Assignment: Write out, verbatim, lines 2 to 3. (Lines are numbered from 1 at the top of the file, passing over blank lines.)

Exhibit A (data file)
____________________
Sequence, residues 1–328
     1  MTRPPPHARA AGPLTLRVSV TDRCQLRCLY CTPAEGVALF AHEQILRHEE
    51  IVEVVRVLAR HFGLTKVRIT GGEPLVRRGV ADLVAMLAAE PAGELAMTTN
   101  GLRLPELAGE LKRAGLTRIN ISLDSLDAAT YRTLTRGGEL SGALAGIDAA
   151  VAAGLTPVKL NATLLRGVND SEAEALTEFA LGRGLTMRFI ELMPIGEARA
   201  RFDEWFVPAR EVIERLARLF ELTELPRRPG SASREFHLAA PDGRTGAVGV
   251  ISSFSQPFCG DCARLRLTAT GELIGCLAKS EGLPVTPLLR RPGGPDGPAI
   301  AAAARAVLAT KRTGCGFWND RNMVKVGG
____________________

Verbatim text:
     1  MTRPPPHARA AGPLTLRVSV TDRCQLRCLY CTPAEGVALF AHEQILRHEE
    51  IVEVVRVLAR HFGLTKVRIT GGEPLVRRGV ADLVAMLAAE PAGELAMTTN